Thursday, October 1, 2015

UKAWA wants sharing of BVR data base with NEC..Unless otherwise..

NEC Chair Judge (rtd) Damian LubuvaAn appeal has been made for  the National Electoral Commission to share the Biometric Voters Registration (BVR) database with political parties.
 
The appeal was made yesterday, a day after the NEC said that the October 25 General Election would be free. 
 
Political parties forming the Coalition of People’s Constitution, going by the Kiswahili acronym of UKAWA, appealed to the NEC to allow them and international observers to inspect tallying before the poll.
 
Speaking with journalists in Dar es Salaam yesterday, the Chadema Deputy Secretary-General (Mainland), John Mnyika, said transparency and fairness would only   be in place if stakeholders were allowed access to the crucial equipment.  
 
On Tuesday, NEC Chair Judge (rtd) Damian Lubuva urged the electorate to have faith in the institution. He said their votes will count as no individual or institution can steer them from the will of the people.
 
“Tanzanians should not worry about our ability to handle this year’s General Election. There is no candidate or political party that will be favoured,” he emphasised. He pointed out  that no one would be treated unfairly. 
 
Mnyika argued that until and unless NEC allows Ukawa IT specialists and international observers to study the new technology that receives, computes and announces the presidential vote results, the good news by the NEC would be nothing but mere lip service to Tanzanians.
 
“I ask Tanzanians who want change not to leave the polling stations after casting their votes,” he said, implying that there could be a plot to temper with the results.
 
However, he asked voters to abide by the law that requires them to stand at a distance of  200 metres from the polling stations after casting their votes.
 
He pointed out that the move by NEC to allow IT specialists from Ukawa and other parities will help them ascertain the efficiency of the technology. In this way they would avoid any foul play, including  theft of votes, he said, stressing:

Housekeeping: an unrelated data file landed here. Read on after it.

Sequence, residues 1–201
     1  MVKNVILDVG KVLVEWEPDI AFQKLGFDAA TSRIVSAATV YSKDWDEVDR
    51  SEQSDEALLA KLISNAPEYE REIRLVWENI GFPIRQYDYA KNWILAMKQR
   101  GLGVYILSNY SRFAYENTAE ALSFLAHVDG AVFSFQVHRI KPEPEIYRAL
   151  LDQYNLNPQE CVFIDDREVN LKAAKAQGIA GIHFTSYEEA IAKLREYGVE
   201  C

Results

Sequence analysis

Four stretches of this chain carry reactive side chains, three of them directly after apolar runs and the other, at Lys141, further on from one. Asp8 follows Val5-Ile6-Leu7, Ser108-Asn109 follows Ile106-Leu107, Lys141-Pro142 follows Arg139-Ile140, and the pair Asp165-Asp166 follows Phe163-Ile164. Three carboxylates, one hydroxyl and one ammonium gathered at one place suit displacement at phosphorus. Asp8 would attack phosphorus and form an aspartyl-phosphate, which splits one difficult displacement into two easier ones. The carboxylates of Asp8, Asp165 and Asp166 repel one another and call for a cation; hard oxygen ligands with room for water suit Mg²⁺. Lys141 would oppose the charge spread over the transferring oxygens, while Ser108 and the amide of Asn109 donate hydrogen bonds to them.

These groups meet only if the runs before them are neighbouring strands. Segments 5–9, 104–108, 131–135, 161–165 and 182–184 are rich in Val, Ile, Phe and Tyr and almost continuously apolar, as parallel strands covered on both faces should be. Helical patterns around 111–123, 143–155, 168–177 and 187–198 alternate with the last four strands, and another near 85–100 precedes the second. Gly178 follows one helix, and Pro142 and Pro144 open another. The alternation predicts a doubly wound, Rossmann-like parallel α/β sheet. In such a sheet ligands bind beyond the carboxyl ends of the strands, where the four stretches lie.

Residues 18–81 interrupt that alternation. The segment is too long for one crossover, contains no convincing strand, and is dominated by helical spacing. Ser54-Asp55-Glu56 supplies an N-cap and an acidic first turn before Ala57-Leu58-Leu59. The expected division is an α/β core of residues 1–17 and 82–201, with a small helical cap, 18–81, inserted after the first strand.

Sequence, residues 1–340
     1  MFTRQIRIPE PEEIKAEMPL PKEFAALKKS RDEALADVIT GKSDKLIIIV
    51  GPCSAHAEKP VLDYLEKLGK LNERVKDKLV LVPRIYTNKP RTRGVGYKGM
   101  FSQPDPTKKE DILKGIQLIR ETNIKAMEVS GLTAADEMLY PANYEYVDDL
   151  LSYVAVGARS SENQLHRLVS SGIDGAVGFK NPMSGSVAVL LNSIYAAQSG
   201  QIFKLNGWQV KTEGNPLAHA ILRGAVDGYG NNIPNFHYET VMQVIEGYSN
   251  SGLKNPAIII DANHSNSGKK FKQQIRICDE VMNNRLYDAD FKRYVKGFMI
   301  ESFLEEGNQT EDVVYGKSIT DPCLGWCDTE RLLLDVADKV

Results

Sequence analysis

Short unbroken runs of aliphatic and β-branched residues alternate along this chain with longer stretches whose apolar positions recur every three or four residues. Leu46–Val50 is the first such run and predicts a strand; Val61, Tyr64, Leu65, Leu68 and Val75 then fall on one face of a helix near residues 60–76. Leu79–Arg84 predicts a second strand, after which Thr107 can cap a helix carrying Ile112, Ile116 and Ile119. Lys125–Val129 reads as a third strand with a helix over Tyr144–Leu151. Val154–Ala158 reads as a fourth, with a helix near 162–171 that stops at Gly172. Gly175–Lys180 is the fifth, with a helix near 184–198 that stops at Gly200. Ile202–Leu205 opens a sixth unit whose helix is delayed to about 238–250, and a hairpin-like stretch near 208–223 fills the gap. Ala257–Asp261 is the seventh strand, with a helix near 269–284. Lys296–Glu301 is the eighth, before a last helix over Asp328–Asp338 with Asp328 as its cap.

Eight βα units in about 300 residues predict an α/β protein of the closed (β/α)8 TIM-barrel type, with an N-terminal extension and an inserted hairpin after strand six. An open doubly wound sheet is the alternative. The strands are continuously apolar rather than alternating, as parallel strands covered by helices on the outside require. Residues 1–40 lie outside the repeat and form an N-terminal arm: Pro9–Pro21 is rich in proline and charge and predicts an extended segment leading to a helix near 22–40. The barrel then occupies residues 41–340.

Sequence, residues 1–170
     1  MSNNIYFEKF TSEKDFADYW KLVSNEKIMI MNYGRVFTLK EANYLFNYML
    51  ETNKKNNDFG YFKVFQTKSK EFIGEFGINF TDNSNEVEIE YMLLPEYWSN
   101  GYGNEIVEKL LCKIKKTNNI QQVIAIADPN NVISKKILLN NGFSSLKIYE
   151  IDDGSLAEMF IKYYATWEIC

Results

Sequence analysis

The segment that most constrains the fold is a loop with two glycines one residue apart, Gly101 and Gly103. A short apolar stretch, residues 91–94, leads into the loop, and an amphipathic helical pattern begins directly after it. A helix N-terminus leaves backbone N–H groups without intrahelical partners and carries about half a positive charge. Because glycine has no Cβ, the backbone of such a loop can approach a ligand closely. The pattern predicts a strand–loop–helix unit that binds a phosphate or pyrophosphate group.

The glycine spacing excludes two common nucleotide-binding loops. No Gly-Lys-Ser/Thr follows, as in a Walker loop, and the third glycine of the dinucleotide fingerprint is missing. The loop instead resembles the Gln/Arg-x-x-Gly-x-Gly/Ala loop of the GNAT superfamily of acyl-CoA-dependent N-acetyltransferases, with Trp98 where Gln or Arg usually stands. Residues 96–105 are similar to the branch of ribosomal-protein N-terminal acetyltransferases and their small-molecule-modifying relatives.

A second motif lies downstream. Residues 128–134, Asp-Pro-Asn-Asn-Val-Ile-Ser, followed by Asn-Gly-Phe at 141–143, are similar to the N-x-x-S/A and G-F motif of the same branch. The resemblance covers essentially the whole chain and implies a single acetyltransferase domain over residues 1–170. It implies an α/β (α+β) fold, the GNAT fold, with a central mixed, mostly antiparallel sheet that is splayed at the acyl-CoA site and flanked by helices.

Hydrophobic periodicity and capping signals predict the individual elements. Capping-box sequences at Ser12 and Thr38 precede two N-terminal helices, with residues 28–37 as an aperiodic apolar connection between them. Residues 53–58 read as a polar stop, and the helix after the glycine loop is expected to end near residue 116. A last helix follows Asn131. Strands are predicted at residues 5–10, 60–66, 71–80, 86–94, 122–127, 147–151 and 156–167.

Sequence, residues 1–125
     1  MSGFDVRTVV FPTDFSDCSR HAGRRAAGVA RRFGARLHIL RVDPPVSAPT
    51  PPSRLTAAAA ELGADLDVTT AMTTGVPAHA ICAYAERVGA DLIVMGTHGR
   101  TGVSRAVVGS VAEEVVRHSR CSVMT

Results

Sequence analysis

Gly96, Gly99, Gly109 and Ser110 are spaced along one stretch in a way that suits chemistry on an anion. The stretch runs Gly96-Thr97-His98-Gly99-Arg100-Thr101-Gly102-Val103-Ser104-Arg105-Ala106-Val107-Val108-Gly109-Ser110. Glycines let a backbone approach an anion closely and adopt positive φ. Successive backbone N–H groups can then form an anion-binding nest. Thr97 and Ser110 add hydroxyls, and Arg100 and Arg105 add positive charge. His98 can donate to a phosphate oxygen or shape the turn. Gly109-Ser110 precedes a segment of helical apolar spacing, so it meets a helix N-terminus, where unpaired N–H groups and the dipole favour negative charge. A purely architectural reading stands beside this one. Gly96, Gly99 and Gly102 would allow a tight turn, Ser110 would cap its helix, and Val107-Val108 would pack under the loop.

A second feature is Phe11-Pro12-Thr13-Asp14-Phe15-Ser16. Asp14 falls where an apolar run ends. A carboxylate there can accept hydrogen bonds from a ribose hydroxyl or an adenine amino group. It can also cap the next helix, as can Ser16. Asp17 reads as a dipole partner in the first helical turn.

“Ukawa hereby calls upon NEC to allow our IT experts to scrutinise the software because it can have some serious defects or may have been made beforehand to give out certain results,” he suggested, cautioning:
“We fear that our votes could be stolen if matters  remain as they are.”
 
He said the role of international observers is crucial because they are independent. They should analyse the technology and issue a report before the General Election, he said and pleaded: 
 
“This will give confidence to us and Tanzanians that the General Election will be free and fare.” 
 
He complained that NEC said recently that it would issue a database eight days before the General Election. That was not fair because politicians, academicians and other stakeholders would not have a chance to comment on it.
 
“We are supposed to get the first provisional register before being given the permanent one,” he said.
 
However, the National Permanent Voters Register Database was introduced for the first time in Tanzania by using the Biometric Voters Registration (BVR) technology instead of Optical Mark Recognition (OMR). The latter system was previously used to create the National Permanent Voter Register.
 
In this year’s General Election, NEC will use the software technology to receive, tally, compute and announce the election results.
 
Use of the software aims at ensuring that presidential election results announced by returning officers across the country are captured immediately and sent electronically to the NEC headquarters. From here the tallying will be automatically recorded as the results trickle in.
 
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